To my utter horror, I discovered yesterday that I would have to do the following things where I work.
1) Install McAfee Endpoint Protection on all future managed devices
2) The existing wild devices would already have AV on them
I’m not a fan of McAfee products on the Mac for a variety of reasons, but these are outside the scope of this article. However the thought of effectively installing two AV products on a single machine fills me with utter dread, namely because every time i’ve seen it done it causes all sorts of issues. On Windows, i’ve even seen competing AV products fight each other! This usually manifests in system slowness and may other odd behaviours.
It’s not a good idea ever m’kay? (You listening to me banks? This is why I don’t want your Trusteer Rapport software anywhere near my machine! You’ve broke it once, never again!)
So i’ve been spending time snapshotting various free Mac AV products to find out where they’re installing files and the best way to remove them. I’ve come to the conclusion that (like many things), the best way is some form of removal script run as root over the loginwindow. I normally perform operations at this point as it’s relatively safe.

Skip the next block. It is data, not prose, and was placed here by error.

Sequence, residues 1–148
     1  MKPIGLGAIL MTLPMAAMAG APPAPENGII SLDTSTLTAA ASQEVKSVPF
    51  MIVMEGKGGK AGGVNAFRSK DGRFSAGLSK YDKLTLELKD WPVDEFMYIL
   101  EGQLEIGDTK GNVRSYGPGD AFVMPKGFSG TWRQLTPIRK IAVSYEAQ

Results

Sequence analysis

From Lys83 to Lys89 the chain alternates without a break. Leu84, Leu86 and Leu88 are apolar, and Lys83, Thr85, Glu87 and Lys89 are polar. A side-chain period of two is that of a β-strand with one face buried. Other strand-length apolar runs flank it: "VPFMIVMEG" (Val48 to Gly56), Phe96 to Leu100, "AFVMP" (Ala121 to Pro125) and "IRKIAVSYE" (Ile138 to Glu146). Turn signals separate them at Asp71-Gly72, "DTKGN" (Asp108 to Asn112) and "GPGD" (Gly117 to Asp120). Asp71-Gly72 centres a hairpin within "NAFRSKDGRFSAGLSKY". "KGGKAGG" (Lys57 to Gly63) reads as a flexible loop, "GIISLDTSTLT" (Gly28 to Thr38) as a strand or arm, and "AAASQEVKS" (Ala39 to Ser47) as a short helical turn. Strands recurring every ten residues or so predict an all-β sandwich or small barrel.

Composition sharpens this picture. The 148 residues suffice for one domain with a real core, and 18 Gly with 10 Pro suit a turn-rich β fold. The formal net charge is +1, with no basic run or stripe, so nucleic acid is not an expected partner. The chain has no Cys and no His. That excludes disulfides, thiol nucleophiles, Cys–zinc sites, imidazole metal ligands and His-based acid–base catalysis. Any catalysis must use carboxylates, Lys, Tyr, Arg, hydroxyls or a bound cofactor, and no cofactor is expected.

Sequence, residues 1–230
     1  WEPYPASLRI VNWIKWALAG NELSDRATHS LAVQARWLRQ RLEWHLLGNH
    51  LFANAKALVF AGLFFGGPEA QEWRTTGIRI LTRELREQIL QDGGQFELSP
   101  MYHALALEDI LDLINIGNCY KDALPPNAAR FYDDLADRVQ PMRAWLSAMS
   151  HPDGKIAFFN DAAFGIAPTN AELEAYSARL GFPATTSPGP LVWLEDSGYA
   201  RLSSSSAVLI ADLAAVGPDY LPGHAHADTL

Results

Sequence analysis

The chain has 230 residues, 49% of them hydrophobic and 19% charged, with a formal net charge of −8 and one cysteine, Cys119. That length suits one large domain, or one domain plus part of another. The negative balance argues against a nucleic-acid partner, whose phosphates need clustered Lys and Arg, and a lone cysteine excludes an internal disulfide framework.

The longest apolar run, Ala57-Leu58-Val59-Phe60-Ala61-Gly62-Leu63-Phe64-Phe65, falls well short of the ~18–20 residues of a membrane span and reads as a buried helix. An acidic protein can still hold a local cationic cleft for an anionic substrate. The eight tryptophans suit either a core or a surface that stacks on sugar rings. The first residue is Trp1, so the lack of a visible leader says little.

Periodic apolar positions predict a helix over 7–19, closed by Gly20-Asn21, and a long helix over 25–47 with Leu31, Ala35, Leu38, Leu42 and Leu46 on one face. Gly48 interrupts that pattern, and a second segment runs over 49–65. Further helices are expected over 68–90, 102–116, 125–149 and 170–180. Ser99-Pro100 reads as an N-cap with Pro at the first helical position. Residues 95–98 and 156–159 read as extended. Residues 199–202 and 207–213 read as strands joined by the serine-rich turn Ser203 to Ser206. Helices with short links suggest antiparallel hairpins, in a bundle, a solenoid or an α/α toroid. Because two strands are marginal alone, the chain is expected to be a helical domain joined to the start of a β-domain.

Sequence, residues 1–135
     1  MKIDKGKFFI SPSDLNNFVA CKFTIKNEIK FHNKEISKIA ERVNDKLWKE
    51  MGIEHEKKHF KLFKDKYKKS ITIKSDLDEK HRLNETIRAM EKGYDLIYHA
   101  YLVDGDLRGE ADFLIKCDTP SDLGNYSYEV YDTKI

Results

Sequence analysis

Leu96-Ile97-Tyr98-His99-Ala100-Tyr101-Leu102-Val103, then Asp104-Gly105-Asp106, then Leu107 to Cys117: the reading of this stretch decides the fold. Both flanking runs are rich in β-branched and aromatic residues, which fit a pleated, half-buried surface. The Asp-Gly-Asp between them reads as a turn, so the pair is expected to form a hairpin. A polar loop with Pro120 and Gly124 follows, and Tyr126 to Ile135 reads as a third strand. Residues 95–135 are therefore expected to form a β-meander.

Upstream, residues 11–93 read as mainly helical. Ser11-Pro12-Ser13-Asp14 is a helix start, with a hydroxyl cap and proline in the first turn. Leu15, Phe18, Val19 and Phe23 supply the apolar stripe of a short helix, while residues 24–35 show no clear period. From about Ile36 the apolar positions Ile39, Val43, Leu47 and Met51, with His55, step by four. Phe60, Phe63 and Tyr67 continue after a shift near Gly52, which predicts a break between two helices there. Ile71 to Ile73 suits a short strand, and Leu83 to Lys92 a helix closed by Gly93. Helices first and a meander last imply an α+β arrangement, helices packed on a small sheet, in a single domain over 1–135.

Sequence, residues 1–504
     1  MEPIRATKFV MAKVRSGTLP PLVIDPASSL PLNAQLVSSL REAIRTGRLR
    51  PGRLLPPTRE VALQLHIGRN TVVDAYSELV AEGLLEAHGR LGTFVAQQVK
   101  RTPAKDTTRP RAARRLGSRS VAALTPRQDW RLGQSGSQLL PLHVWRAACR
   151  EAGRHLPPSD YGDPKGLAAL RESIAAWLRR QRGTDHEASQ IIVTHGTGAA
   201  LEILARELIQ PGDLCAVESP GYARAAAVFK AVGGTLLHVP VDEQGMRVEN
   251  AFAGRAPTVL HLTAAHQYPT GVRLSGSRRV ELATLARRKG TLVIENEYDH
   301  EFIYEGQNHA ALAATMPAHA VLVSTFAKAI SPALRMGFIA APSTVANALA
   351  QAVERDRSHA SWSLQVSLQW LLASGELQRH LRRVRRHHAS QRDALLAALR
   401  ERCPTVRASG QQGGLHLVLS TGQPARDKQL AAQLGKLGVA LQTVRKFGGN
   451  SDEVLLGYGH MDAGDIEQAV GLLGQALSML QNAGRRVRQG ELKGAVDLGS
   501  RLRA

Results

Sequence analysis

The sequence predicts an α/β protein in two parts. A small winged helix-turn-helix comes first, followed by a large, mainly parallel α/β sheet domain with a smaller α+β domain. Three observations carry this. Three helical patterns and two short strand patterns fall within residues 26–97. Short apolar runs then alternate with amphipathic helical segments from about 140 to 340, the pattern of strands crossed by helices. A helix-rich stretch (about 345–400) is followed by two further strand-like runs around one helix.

Why not use the provided uninstall apps/scripts ? Example. Sophos’ uninstall is an .app bundle and trying to run that in the background is a sisiphean task at best. McAfee’s uninstall requires the ePO admin password and a very custom expect script to parse the output. Symantec’s uninstall script has similar issues but doesn’t require a password, but it is over 4000 lines of bash script and it’s very difficult to actually figure out what it’s doing!
Short version, none of the provided uninstallers are Mac Admin friendly. (Saying that, not many of the installers are admin friendly either but that’s been covered by others in the community. Sophos, looking at you …)
I wrote a bunch of very rough, non error checking scripts to remove all the files for a variety of AV products. I also wrote a series of companion Casper extension attributes to detect if the product is installed or not. These can be used independantly of the removal scripts, as they report installed version number or if it’s missing.
So if you smart group the EA, set it to detect if the AV product is present or not plus a policy to run the script at a time of your choosing you can remove these things.
These scripts are highly untested, but comments and feedback are always welcome through the GitHub feedback tools. Find everything here at https://github.com/franton/Remove-AV